Still-Hot Hamlin says Keselowski Refuses To Man-Up
By Mark Armijo | Senior Correspondent
By the time Denny Hamlin got to Phoenix on Wednesday he still hadn’t forgiven Brad Keselowski for their on-track skirmish nearly two weeks ago in a NASCAR Nationwide race at Dover, Del.
Hadn’t put it on the back-burner, hadn’t swept it under the rug, hadn’t even bothered to shrug his shoulders and label it, “just racin’.”
Hamlin instead delivered to Mr. Keselowski another mouthful of unflattering remarks.
Asked by a reporter if he and Keselowski have spoken since the incident, Hamlin shook his head from side-to-side.
“No, haven’t talked to him at all,” said Hamlin, who en route to California Speedway for race No. 4 of 10 in the Chase for the Sprint Cup title, made a lengthy pit stop in Arizona on behalf of a Phoenix International Raceway promotion. “I don’t really think he’s man enough to call me face to face. Just don’t think it’s his style.”
What Hamlin believes is Keselowski’s style is to sometimes – oftentimes? — drive beyond his capability.
Hamlin points to Dover as Exhibit No. 1, when the right front of Keselowski’s Chevrolet made contact with the left rear on Hamlin’s Toyota as both machines sped into a corner. The impact sent Hamlin into a wall and into a sour mood, a mood that was spiked even more after listening to Keselowski’s explanation during a television interview.
“He has no idea how to race,” Hamlin said at Dover.
Nearly two weeks later Hamlin virtually repeated the mantra.
“How he uses his talent to me is questionable,” Hamlin said. “I didn’t realize it was in question with every single competitor on the Cup side that has raced with him and talked to me about it. “They said, ‘You know, we don’t know what he was doing. It was blatant.’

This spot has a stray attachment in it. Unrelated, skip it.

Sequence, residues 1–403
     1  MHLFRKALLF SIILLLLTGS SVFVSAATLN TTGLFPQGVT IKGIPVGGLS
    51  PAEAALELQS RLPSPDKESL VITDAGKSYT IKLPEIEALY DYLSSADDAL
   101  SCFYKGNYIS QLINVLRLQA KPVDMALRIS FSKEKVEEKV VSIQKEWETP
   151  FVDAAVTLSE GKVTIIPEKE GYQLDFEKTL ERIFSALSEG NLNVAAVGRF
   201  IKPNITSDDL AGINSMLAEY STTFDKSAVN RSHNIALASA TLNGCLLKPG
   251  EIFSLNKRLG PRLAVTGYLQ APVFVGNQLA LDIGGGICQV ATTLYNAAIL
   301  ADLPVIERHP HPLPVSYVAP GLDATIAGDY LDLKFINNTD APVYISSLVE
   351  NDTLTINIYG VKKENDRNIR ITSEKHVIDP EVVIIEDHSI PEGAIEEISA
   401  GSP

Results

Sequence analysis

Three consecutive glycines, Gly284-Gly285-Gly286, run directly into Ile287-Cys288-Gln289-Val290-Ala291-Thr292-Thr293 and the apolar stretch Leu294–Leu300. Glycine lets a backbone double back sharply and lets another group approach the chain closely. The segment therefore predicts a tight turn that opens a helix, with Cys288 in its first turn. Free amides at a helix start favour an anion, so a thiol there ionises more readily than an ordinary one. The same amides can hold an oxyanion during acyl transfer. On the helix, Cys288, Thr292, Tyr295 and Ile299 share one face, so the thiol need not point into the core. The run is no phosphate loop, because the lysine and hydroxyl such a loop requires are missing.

“Then, listening to him talk (on TV) and making it sound like he was the victim and I was the one taking advantage of him when I was the one in front of him. Well, it was kind of a ridiculous statement. It showed that he just didn’t have much level of maturity at that point.”
To be fair, Dale Earnhardt Jr. thought enough of Keselowski to hire him two years ago for a Nationwide ride, and famed car owner Roger Penske recently signed the 25-year-old driver to a fulltime Cup ride beginning next season.
Such signings should speak volumes about Keselowski’s talents.
Just don’t ask Hamlin for an endorsement.
As for Hamlin’s chances in the Chase, which continues Sunday in Fontana, Calif., he still feels very much a part of the title hunt.
Hamlin is sixth of 12 drivers in the Chase, trailing leader Mark Martin by 99 points with seven remaining stops, including a Nov. 15 appearance at PIR.
“My key thing is with about three races to go, you need to be within 75 points,” Hamlin said. “If we’re at the point, then we’ll be OK. After Talladega (race No. 7), you’ll know. That’s kind of our last wild card race.
“You’ll start to see people separate themselves over those last three races.”
If Hamlin still is in the 75-point mix entering Chase’s last three stops at Texas, PIR (four top-five finishes in his last five starts) and Homestead-Miami, then he’ll issue a warning not to count him out.
“It’s been an eight out of 10 year for us I guess you could say so far,” said Hamlin, who won two of the six races preceding the Chase and also has two top-five finishes in the three Chase races to date. “I’ve been in contention to win some races and didn’t get it done, and then we’ve won a couple in the last couple of months. I’ve kind of been on a roll in that sense.
“I’m happy about the way our team is performing right now. I feel like we’re a top three team. The 48 (Johnson) and 42 (Juan Pablo Montoya) are running really well right now. The 5 (Martin), too.
“But I feel like we’re there. We’re running just as competitive as those guys every single week. I just can’t have (Cup) weekends like we had two weeks ago (22nd at Dover).”
– Mark Armijo is the long-time auto-racing beat writer for the Arizona Republic and a frequent contributor to RacinToday.com27 Comments